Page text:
In light of the inadequately developed record, the Court finds that the Diocese has failed to meet its summary judgment burden on the issue of whether it stood in loco parentis to Plaintiff. The Diocese offers virtually no facts regarding the setup and structure of the CCD classes the Diocese provided at St. Anthony’s which Harkins taught. The Diocese does not even describe, let alone offer any evidence to demonstrate, what responsibilities Harkins may have over Plaintiff during these CCD classes. Rather, the Diocese makes multiple conclusory statements simply reiterating that it did not stand in loco parentis to Plaintiff.5 As a result, the Court is left without sufficient information to accurately and conclusively determine whether the Diocese stood in loco parentis based on the nature of the Diocese’s responsibilities to Plaintiff.
*6 In contrast to the minimal evidence offered by the Diocese, Plaintiff’s certification provides information that suggests the Diocese may have stood in loco parentis to Plaintiff. Based on this certification, it is clear that, at a minimum, Harkins had a responsibility for Plaintiff’s religious education as a member of the Catholic faith as well as a responsibility to supervise and care for Plaintiff during the time the CCD classes were in session. Moreover, it is precisely during these classes that Plaintiff alleges she was sexually abused by Harkins. Given that Plaintiff’s evidence—as the nonmoving party—is to be believed and all justifiable inferences must be drawn in her favor, Marino, 358 F.3d at 247, and in light of the lack of evidence presented by the Diocese, a finding that the Diocese did not stand in loco parentis to Plaintiff is premature at this time.
(3) Was the Diocese Within Plaintiff’s Household?
Of the three threshold requirements under the CSAA, the parties most vigorously disagree as to whether the Diocese was within the Plaintiff’s household as that phrase is construed for purposes of the CSAA. Each side directs the Court to case law from federal or state courts in New Jersey resolving the issue in their favor. (Compare Diocese Br. 5–6) (citing Y.G. V. BD. of Educ. for Twp. of Teaneck, No. A–5146–09T2, 2011 WL 1466277 (N.J.Super. App. Div. Apr 19, 2011); D.M. v. River Dell Regional High School, 373 N.J.Super. 639, 862 A.2d 1226 (N.J.Super.Ct.App.Div.2004);SMITH V. ESTATE of Kelly, 343 N.J.Super. 480, 778 A.2d 1162 (N.J.Super.Ct.App.Div.2001)); (with Pl.’s Opp’n 7–9) (citing Nunnery v. Salesian Missions, Inc., No. 07–2091, 2008 WL 1743436 (D.N.J. Apr.15, 2008)).
The Diocese argues that Plaintiff’s attendance at weekly CCD classes and mass are not enough to establish the Diocese as a member of Plaintiff’s household. (Diocese’s Br. 6.) Plaintiff counters that “Harkins’ involvement with Plaintiff’s family extended directly into their ‘household’, as [Harkins, an agent of the Diocese,] came to Plaintiff’s home in grooming her and gaining the trust of Plaintiff and her family.” (Pl.’s Opp’n 9.) Plaintiff’s certification describes, to some extent, the nature of the relationship which existed at that time between Harkins, Plaintiff, and her family. She certifies that “Harkins took a special interest in [her], and gave [her] honors, gifts and took [her] to outings off church grounds.” (See Certification of Lisa Syvertson Shanahan [Doc. No. 9–1] ¶ 4.) One of the “special” honors Harkins bestowed upon Plaintiff, was giving her readings to perform during the weekly mass at St. Anthony’s. (Id.) Plaintiff’s certification makes clear that on more than one occasion, Harkins “would come to [Plaintiff’s] house for [her] to practice the readings, and [to] have dinner with [Plaintiff] and [her] family.” (Id.) In doing so, Plaintiff represents that Harkins “ingratiated himself to [Plaintiff] and [her] family.” (Id.)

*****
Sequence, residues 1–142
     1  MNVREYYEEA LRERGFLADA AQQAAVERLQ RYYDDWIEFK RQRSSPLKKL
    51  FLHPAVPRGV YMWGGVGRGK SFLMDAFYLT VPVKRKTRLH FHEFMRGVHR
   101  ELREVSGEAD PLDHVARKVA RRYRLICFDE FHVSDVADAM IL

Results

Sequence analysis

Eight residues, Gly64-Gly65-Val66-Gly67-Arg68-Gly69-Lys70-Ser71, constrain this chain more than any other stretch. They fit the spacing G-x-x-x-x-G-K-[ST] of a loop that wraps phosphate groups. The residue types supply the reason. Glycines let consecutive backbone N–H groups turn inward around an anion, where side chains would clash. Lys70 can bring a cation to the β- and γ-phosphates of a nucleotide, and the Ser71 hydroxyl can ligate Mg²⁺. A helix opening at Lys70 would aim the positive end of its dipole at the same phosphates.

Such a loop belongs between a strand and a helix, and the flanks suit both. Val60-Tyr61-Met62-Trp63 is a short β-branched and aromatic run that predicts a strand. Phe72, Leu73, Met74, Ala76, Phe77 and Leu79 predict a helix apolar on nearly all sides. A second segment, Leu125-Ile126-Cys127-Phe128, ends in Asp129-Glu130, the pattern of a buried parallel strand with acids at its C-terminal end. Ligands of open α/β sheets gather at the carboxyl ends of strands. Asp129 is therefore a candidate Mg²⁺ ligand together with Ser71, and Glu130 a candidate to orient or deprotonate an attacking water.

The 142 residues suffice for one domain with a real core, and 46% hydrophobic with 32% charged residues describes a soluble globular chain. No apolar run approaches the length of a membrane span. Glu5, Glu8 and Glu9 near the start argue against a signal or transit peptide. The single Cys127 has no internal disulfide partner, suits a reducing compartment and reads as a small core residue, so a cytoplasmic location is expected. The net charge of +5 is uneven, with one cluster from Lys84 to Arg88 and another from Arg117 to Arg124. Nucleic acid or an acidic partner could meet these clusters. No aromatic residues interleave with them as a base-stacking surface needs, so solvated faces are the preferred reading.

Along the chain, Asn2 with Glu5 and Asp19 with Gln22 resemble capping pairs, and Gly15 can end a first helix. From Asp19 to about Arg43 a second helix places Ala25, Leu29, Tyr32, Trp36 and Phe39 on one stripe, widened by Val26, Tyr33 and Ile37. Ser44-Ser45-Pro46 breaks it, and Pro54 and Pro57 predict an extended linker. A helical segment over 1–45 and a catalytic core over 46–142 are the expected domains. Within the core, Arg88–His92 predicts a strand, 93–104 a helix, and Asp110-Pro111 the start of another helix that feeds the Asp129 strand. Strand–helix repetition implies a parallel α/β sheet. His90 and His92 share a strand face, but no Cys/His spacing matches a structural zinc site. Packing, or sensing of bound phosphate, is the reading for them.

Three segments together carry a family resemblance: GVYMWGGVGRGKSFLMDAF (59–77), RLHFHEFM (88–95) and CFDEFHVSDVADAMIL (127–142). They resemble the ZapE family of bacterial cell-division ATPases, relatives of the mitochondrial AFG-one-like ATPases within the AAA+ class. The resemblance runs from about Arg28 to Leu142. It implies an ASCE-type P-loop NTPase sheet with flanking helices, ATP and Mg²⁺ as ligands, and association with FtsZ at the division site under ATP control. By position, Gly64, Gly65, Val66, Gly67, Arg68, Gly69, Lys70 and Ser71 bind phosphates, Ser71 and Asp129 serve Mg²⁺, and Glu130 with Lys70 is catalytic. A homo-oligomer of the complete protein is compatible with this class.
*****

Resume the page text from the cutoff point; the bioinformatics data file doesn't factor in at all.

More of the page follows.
*7 In Hardwicke, the New Jersey Supreme Court examined whether a private boarding school was considered within the plaintiff’s household for purposes of a CSAA claim. 902 A.2d at 914–15. In ruling on this issue, the Hardwicke court explicitly recognized that the term “ ‘[h]ousehold is not a word of art’ “ and that its meaning cannot be “ ‘confined within certain commonly known and universally accepted limits.’ “ Id. at 914 (citing Mazzilli v. Accident & Cas. Ins. Co., 35 N.J. 1, 170 A.2d 800, 804 (N.J.1961)). As the Hardwicke court observed, the meaning of “household” under New Jersey law greatly “depends on the circumstances of the case and has not been restricted to persons with familial relations[,]” nor has it been limited “to include only those residing under the same roof.”6 Hardwicke, 902 A.2d at 915. Rather, “ ‘a determination as to a party’s status as a ‘household member’ must be based upon the qualities and characteristics of the particular relationship and not upon a mechanistic formula in a definition.’ “ Id. (citation omitted).
A thorough review of the cases relied upon by the parties deciding the household issue demonstrates to the Court that the determination of whether a defendant is within the plaintiff’s household under the CSAA is a highly fact specific inquiry which requires examination of the “qualities and characteristics of the particular relationship” in question. In the present motion, the Diocese has failed to identify any portion of the record which establishes the qualities and characteristics specific to the relationship between Harkins and Plaintiff with respect to the issue of “within the household”. Similarly to the in loco parentis issue, the Diocese’s motion fails to provide sufficient pertinent information from which the Court can make a determination of whether the Diocese can be considered as within Plaintiff’s household.